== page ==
San José, Costa Rica, since 1956

Teams set for Costa Rica Super Bowl

Garin Daniel and Scott Doherty are typical of U.S. expats living in Costa Rica. Both came to the country, found jobs and Tica wives, and ended up staying. Doherty played quarterback in high school and at Pierce College in Los Angeles, while Daniel is a late bloomer who won his first quarterback job in organized football with the Bulldogs of the American Football Federation of Costa Rica (FEFACR). 

Both in their mid-20s, they are good friends, and they will be at the offensive helm of the two teams competing for the FEFACR championship Saturday at Cuty Monge Stadium in Desamparados, in southeastern San José.

This TicoShooter met up with both young men over lunch. I had seen both in action in an early March game. The game was tense, a tough squeaker in which the Bulldogs held on to win with a last-minute interception against a relentlessly driving Toros squad. 

With that as a preview, the 2012 Costa Rican Super Bowl shapes up as an interesting match indeed. But during the interview with Daniel and Doherty, what stood out was a friendship far above who would win or lose on Saturday, and great pride in what FEFACR has accomplished for its players in bringing U.S.-style football to Costa Rica. 

FEFACR players have to pay for their own equipment – helmet, jersey, pants, pads and cleats – which is expensive. Surprisingly, most players are Ticos. So, what drives young men to invest to play such a complex, foreign sport as U.S. football in a country in which a soccer player’s only investment is cleats? 

Daniel and Doherty both agreed that what drove FEFACR participation was the opportunity for a variety of athletes with different skills that soccer minimizes and U.S. football maximizes. Think about the relatively narrow range of athletic skills required for soccer, and about the sameness of physical types of the players. Yes, there’s the occasional tall beanpole, but the vast majority of players are cut from the same athletic cloth: under 6 feet, lean, quick on their feet, with excellent balance.

U.S. football is a smorgasbord by comparison. A kid big and strong, but slower than smaller athletes can be a lineman – a clogger-upper if he’s huge, a pulling blocker or an outside rusher if he combines size with mobility. Does a guy have great hands (useless in soccer)? He’s a receiver. 

Is a young man a soccer type, with great balance and running speed? He also fits into U.S. football as a running back or slot receiver, though he’ll have to adjust to a game where hitting is the main idea and not something that’s penalized. 

Is a kid tough and strong, but ordinary in size? Does he relish contact and hitting? Definitely defense, either linebacker or defensive back depending on size, speed and agility. 

And, of course, there’s the kicking game, where any guy not fast or mobile enough for soccer can test his nerve as a placekicker or punter. Suddenly, all kinds of potential athletes who can’t make it in organized soccer can find a niche for their competitive spirit as a Bulldog, Toro, Raptor, Rhyno or Dragon.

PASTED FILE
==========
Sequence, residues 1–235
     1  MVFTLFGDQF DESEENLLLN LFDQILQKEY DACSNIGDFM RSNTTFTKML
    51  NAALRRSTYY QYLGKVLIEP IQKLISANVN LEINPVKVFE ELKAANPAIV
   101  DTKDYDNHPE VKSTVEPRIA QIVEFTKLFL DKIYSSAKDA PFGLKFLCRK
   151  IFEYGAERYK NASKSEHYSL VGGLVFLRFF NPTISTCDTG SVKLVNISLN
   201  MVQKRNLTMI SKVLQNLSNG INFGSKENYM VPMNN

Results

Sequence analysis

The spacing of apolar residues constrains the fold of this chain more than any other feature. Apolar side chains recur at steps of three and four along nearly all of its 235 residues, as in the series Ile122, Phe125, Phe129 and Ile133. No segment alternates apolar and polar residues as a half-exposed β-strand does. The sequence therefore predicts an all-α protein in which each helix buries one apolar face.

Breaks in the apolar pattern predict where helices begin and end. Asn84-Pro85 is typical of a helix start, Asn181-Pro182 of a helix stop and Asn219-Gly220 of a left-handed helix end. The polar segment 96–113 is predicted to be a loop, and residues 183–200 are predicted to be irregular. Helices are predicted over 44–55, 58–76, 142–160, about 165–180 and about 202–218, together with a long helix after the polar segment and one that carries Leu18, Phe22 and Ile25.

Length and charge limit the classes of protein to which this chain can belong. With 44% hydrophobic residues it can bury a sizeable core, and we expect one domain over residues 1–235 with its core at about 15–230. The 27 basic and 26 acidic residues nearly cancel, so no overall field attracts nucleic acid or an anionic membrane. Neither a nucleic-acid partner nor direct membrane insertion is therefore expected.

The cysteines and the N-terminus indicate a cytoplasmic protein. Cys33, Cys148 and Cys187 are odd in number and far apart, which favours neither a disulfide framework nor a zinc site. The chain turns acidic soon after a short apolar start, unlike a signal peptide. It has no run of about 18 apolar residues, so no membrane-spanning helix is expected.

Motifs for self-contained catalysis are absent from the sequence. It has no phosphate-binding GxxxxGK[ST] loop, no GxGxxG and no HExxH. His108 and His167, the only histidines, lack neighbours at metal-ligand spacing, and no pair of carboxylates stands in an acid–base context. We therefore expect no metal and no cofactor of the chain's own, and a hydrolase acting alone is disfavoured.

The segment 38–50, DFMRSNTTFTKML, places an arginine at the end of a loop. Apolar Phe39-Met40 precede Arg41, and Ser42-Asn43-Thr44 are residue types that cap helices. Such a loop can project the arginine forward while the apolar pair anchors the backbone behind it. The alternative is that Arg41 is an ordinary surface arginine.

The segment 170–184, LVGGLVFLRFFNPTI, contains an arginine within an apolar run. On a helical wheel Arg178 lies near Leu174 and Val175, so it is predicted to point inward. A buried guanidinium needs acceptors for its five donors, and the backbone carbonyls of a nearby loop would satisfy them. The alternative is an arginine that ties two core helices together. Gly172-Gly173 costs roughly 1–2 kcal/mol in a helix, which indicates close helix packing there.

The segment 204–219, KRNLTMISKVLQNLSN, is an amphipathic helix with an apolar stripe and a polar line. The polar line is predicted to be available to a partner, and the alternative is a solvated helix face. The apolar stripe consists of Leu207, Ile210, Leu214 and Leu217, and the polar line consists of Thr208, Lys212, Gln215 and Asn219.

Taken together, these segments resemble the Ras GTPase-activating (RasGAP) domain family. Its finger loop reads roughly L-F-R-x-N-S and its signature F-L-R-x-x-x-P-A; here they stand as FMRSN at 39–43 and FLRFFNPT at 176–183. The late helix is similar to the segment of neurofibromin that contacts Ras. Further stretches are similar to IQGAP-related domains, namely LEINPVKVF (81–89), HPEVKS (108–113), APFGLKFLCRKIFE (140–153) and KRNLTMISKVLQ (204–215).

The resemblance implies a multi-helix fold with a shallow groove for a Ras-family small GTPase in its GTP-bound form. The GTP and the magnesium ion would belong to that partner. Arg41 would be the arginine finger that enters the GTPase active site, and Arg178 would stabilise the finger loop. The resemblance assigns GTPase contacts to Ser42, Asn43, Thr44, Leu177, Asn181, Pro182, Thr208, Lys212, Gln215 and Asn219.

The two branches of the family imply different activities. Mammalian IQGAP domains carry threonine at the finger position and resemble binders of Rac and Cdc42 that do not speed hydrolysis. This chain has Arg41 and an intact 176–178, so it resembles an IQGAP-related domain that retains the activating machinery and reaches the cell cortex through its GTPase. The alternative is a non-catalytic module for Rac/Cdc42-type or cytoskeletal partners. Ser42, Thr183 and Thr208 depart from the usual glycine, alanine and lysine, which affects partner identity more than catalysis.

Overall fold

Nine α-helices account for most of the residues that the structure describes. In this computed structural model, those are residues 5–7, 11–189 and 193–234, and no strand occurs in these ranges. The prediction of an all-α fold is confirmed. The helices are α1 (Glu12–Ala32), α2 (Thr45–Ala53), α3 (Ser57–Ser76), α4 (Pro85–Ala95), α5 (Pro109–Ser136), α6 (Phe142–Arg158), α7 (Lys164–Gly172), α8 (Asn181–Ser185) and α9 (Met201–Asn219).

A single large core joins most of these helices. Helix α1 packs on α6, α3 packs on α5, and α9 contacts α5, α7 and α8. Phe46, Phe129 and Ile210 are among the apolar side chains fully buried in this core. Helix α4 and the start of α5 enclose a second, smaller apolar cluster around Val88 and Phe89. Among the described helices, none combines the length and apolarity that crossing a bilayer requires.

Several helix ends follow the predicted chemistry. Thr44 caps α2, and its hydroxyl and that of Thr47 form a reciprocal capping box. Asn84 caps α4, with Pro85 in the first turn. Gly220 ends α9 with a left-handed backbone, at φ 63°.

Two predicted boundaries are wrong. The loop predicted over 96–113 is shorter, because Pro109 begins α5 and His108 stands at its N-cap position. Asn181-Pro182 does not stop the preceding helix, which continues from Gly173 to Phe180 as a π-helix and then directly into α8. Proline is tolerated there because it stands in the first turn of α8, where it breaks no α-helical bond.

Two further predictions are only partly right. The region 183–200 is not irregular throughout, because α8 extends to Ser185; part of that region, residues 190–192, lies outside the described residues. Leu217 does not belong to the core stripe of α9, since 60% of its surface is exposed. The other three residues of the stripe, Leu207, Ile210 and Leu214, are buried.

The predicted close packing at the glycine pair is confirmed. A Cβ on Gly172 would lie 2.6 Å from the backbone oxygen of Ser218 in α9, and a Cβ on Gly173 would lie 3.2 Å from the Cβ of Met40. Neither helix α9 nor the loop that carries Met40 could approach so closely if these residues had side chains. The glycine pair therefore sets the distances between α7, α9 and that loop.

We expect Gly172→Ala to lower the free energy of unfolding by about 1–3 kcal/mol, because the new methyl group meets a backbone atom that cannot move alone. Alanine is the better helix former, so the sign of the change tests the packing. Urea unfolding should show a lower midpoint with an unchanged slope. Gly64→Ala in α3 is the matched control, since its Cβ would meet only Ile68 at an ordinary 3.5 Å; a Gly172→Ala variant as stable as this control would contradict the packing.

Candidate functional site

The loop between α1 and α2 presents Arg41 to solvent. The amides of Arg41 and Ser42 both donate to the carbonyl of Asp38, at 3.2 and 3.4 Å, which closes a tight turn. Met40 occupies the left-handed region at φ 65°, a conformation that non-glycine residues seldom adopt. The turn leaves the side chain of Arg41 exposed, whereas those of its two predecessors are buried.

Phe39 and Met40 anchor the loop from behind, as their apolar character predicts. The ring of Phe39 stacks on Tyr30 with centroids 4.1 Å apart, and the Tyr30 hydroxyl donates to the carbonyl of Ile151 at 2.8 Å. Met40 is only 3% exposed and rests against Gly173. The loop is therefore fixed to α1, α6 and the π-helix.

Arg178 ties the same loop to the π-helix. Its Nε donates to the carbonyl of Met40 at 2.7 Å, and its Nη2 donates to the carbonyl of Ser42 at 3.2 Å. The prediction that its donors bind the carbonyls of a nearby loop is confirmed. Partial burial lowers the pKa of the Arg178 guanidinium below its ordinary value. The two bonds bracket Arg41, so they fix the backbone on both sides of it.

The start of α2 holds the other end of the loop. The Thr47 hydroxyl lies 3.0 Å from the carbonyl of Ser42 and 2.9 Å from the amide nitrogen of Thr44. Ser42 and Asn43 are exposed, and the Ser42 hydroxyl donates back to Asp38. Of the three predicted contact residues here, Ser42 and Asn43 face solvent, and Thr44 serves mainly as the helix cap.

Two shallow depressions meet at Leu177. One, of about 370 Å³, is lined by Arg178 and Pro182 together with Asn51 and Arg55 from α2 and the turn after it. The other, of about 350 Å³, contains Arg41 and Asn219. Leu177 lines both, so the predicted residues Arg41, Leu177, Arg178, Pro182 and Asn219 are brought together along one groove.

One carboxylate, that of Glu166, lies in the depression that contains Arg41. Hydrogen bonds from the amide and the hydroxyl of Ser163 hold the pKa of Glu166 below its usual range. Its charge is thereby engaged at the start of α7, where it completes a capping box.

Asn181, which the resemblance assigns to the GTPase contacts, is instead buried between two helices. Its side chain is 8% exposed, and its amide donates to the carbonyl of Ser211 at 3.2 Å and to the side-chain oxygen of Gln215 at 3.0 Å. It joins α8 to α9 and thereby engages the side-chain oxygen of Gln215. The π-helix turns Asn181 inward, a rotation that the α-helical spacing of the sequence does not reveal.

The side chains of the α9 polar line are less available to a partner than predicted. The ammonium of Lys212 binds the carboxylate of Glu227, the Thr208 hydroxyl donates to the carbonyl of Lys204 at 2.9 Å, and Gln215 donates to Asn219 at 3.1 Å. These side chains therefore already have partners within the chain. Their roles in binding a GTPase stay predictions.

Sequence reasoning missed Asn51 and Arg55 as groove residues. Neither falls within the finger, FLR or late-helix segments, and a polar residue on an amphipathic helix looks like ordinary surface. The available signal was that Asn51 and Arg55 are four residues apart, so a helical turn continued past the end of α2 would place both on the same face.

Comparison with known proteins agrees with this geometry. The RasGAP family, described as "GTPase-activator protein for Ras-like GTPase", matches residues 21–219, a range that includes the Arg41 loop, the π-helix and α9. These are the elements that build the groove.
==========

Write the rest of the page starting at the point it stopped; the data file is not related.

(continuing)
U.S.-style football is not without penetration in Latin America: It’s the No. 2 sport in Mexico. The biggest crowd in NFL history, 112,000, was a 1994 Dallas Cowboys-Houston Oilers exhibition game in Mexico’s national stadium. Though the sport has yet to catch on in Costa Rica, if player enthusiasm is a measurement, it’s well on its way.

Daniel states that one of his great satisfactions is the development of his center, Carlos Ávila. Ávila weighs 310 pounds and has discovered the fellowship of being part of a sports team, which would have been impossible without FEFACR. The opportunity cuts both ways: Jason Jenkins, is an English-language high school teacher who  recently moved here from the United States and is a Bulldog wide receiver. He has found that his team is the best gateway for getting to know people.

A notable accomplishment in FEFACR has been getting the level of play up to where defense is just as important as offense. Since defense is more complex and harder to coach, a characteristic of low-level play is undisciplined shootouts in the 50-point range. Not so when the Bulldogs and Toros meet. The last game was 16-14. Daniel and the Bulldogs came out on top in that one, but Doherty and the Toros were driving hard at the end. 

Once football gets to the level of FEFACR playoffs, there’s one thing that can’t be changed about the game: The space between the ears of the quarterbacks is one of the most decisive factors in which team comes out on top. For the 2012 FEFACR championship, these two best friends are knife-edge close in their quarterbacking abilities. 

On April 28, will it be Daniel and the Bulldogs again, or Doherty and the Toros? Go see for yourself, starting at 6 p.m. at Cuty Monge Stadium. Look for a close and interesting Costa Rica Super Bowl IV.

Comments are closed.